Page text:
But it is going down steeply year after year and now stands at hardly 6. 5 lakh acres. Details regarding the pace of this decline are given in Table II. Contd… 9 TABLE II Area under Tank Irrigation in Telangana Decline between 1956 & 2001 (Area in Hectares) S. No. 1 Year 2 Area irrigated by tanks 3 % increase (+) or decrease (-) from 1956 4 1 2 3 4 5 6 7 8 1956 1961 1971 1981 1991 1997 1998 2001 447,236 411,494 448,368 349,730 392,212 284,919 107,715 269,492 + – 07. 10 00. 25 21. 80 12. 30 36. 30 75. 92 39. 74 Note: One hectare equals to 2. 47 acres. Source: Statistical Abstracts of A. P. or the years concerned published by the Bureau of Economics and Statistics, A. P. It has happened so because silt accumulated in the tanks is not removed, breached tanks are not repaired and some of the tanks that were operational have been deliberately damaged to promote urbanisation in and around major towns and cities especially the capital city of Hyderabad. In this process small and marginal farmers became helpless, abandoned cultivation and sold their lands in distress, at a throw away price, to the rich migrants from Coastal Andhra. These lands became a goldmine for the migrant settlers to do eal estate business. Development of areas in the name of Film City, Hi-Tech City, East City and proposed International Airport in these lands has thrown the local people not only out of their profession but also out of their homes. Well Irrigation In this situation the farmers of Telangana are left with only one alternative i. e. , well irrigation. But the well irrigation has many disadvantages as compared to canal irrigation. canal irrigation is ensured by the government by spending on construction of dams, digging of canals and supplying water to the fields every season.

The entire cost is borne by the government i. e. , spending tax-payers money. In return the farmer pays about 200 to 250 rupees per acre per annum as water charges. It is extremely negligible when compared to the huge amounts spent by the government. This practice is necessary to support agriculture sector in any region or in any state for that matter. Therefore, no one will grudge this. But the same facility is not extended to a majority of farmers in Telangana who depend mostly on well irrigation. The farmer will have to pay from his pocket for sinking well and for buying a pump-set.

In addition he has to pay power tariff which is increased every year. He has to also incur huge expenses on getting the water 10 pumps repaired as they are frequently damaged because of erratic fluctuations in voltage. As a result, a farmer in the Telangana region depending on well irrigation is compelled to spend 2 to 3 thousand rupees per acre per annum in addition to capital investment on sinking well and installing pump-set. Consequently, most of the farmers in Coastal Andhra get water at a heavily subsidised rate of 200 to 250 rupees per acre per annum besides not spending anything on the infrastructure.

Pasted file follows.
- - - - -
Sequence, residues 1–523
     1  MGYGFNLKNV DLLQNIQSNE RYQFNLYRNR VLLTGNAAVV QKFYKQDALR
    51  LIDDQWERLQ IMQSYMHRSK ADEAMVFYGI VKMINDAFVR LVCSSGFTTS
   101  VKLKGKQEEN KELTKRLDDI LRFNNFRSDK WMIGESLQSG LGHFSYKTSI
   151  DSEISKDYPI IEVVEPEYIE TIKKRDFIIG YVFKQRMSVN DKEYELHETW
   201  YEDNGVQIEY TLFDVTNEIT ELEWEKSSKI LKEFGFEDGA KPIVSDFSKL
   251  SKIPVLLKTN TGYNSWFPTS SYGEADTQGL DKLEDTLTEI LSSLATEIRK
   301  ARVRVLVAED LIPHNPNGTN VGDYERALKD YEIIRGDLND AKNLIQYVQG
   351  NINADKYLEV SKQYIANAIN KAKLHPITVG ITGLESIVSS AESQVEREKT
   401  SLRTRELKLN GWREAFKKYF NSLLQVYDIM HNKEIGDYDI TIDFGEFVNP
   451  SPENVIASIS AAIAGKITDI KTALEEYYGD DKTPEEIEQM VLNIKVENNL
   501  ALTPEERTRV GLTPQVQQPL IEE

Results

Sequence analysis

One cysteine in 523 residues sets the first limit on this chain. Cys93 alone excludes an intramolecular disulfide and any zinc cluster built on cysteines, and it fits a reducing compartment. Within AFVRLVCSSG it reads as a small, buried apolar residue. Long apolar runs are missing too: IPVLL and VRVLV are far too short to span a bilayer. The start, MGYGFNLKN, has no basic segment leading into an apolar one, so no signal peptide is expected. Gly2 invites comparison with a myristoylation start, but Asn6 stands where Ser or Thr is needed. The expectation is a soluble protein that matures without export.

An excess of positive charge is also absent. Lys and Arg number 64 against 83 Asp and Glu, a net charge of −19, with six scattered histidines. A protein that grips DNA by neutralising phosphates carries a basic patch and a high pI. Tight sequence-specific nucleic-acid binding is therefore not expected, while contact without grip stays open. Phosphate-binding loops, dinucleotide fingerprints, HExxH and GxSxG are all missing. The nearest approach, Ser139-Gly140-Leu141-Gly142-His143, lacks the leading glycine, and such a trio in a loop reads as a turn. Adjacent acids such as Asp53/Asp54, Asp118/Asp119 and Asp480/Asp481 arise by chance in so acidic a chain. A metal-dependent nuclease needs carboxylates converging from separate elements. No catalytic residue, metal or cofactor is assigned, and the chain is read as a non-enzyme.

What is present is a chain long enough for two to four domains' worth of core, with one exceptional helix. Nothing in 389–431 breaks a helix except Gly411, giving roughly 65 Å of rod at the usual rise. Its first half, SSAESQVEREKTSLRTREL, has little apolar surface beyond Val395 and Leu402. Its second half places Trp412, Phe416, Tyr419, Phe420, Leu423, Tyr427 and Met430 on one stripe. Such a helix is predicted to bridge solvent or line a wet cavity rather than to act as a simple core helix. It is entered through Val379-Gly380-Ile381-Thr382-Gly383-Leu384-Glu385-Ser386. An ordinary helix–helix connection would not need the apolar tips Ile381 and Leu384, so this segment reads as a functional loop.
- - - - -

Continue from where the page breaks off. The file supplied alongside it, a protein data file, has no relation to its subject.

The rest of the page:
On the other hand, most of the Telangana farmers spend huge amounts ranging from 2000 to 3000 rupees per acre per annum besides investing heavily on infrastructure. How can this unjust disparity be justified? It is because of this reason that the farmers of Telangana region are demanding free supply of electricity for agricultural operations at least until they are provided with the facility of canal irrigation. It is not a question of charity. It is a question of establishing parity between different regions of the state with regard to the cost of getting water for irrigation.

The ongoing debate on irrigation facilities, especially on utilisation of river waters in Andhra Pradesh has, therefore, many dimensions – economic, political, moral, legal and also emotional. It has the potential to determine the future of the state itself. Education At the time of formation of Andhra Pradesh it was assured that disparities in the levels of development in different regions of the state, including the field of education, would be removed in five to ten years time. But even after 47 years the literacy rate in Telangana continues to be lowest in the state.

The region-wise details are given in Table III. TABLE III Literacy Rates (2001 Census) S. No. 1 1 2 3 Region Persons 2 Coastal Andhra Rayalseema Telangana Andhra Pradesh 3 63. 58 60. 53 58. 77 61. 11 Literacy Rate Males 4 71. 38 72. 68 69. 49 70. 85 Females 5 55. 69 48. 04 47. 77 51. 17 Notes: 1. Literates exclude children in the age group 0-6 years who were by definition treated as illiterate in the Census of India, 2001 2. Literacy rate is the percentage of literates to population aged 7 years and above. Sources: 1. Census of India, 2001 2. Bureau of Economics & Statistics, AP.

Comparative Position: National Average: 65. 38, A. P. Average: 61. 11, Ranking of Telangana vis-a-vis 35 states and Union Territories: 32 11 This has happened because of uneven distribution of educational facilities in different regions of the state. A region-wise breakup of facilities available at the crucial levels of education is given here under. The important point to be kept in view in this regard is the percentage of population spread over different regions of the state, i. e. Coastal Andhra 41. 69%, Rayalaseema 17. 77% and Telangana 40. 54%.